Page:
On 10 September 2015, the General Court (GC) upheld the validity of a registered Community design (RCD) for a handbag owned by Yves Saint Laurent.
YSL is the owner of an RCD for a handbag, two representations of which are shown below:
Source: CURIA database
H&M had applied to OHIM to invalidate the RCD on the basis that it lacked the requisite individual character for validity when compared with an earlier handbag design, shown below:
Source: CURIA database
In November 2011, OHIM's Cancellation Division rejected H&M's application, finding that the RCD was valid. H&M appealed but this was dismissed by OHIM's Board of Appeal (BoA) in July 2013, which found that despite a number of similarities, the significant differences with regard to the shape, structure and surface finish of the respective designs were decisive in a different overall impression being created on the informed user. This was despite the BoA finding that the degree of design freedom for handbags was high (the greater the design freedom, typically the greater the differences that will be required to create a different overall impression).
H&M appealed the BoA's decision to the GC. However, the GC found that the BoA had correctly addressed the relevant issues, including assessing both the similarities and differences and their respective impact on the overall impression created, taking into account the high level of design freedom. The GC made clear that the starting point for the assessment of individual character of a design is the perception of the informed user and that design freedom is merely a factor (albeit an important one) to be taken into account so as to moderate that perception. The degree of design freedom is not therefore the starting point for the assessment of individual character per se, but simply something that should be taken into consideration in the assessment. Having found no fault with the BoA's approach, the GC upheld the validity of the RCD.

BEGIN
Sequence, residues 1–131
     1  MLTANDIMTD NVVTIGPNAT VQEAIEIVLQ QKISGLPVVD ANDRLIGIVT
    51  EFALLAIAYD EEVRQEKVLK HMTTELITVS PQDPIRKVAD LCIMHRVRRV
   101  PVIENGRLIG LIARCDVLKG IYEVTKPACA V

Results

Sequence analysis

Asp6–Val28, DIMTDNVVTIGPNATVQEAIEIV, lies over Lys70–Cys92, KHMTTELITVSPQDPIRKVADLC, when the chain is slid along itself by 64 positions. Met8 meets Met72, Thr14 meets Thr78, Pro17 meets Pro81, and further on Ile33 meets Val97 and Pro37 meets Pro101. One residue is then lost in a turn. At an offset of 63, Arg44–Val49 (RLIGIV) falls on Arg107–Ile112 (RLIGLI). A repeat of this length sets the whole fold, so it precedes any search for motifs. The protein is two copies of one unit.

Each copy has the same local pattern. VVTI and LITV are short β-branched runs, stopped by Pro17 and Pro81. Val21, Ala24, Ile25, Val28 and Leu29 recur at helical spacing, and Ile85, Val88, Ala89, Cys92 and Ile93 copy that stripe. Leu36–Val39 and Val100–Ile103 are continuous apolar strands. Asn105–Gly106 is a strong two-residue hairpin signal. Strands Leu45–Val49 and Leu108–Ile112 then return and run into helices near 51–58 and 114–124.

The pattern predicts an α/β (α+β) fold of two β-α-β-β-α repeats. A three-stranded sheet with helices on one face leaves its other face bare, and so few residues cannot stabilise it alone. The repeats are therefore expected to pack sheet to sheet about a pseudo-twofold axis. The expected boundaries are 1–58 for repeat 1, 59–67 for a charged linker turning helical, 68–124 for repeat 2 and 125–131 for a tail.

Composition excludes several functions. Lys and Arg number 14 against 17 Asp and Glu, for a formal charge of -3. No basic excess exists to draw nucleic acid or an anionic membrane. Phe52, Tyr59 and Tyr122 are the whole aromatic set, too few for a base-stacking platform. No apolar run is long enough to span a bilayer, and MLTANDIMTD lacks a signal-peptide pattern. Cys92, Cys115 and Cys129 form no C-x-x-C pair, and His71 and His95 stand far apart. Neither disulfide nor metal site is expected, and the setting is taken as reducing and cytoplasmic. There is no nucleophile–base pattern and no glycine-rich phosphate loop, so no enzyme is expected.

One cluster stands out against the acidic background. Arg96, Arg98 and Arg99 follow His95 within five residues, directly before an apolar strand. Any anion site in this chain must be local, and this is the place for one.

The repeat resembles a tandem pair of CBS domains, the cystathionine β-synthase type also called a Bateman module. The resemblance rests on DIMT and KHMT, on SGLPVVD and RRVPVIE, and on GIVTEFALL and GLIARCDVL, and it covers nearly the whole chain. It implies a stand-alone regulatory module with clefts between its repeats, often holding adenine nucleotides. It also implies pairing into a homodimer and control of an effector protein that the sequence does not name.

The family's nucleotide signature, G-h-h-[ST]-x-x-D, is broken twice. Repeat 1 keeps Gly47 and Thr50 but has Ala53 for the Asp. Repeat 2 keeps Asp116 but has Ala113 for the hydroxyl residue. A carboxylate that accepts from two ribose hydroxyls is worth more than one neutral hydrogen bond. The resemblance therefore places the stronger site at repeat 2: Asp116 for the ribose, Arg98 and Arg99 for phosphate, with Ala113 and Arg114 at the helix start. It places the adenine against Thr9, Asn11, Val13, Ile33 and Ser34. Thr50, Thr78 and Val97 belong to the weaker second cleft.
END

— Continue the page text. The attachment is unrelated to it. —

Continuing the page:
This is the latest in a long line of high profile design cases in the fashion industry, again demonstrating the importance that design registrations play in this world.
Determining the degree of design freedom is extremely important (although not necessarily decisive as this case shows) in both invalidity and infringement actions. In both, the question of whether the claimant’s design creates the same overall impression on the informed user as the prior art design (in the case of an invalidity action) or the competitor’s design (in the case of an infringement action) needs to be answered, taking into account the degree of design freedom. Where design freedom is limited (perhaps due to the need for the product to perform a technical function), only smaller differences will be required for the respective designs to create a different overall impression. Conversely where design freedom is unfettered, larger differences are needed. Design freedom is normally more limited for technical products (e.g. vacuum cleaners) than it is for fashion products, as was the case here where it was held that handbag designers had a high degree of design freedom.
Insofar as the GC’s decision confirms that design freedom is simply a factor to be taken into account when comparing the overall impressions created by the respective designs, rather than a separate test, it is uncontroversial. However, as a practical matter, given the importance of the degree of design freedom which exists for a particular product, this issue may need to be addressed in evidence, preferably from a suitably qualified design expert in that field.
This article is part of the December edition of the DesignWrites by Bird & Bird.
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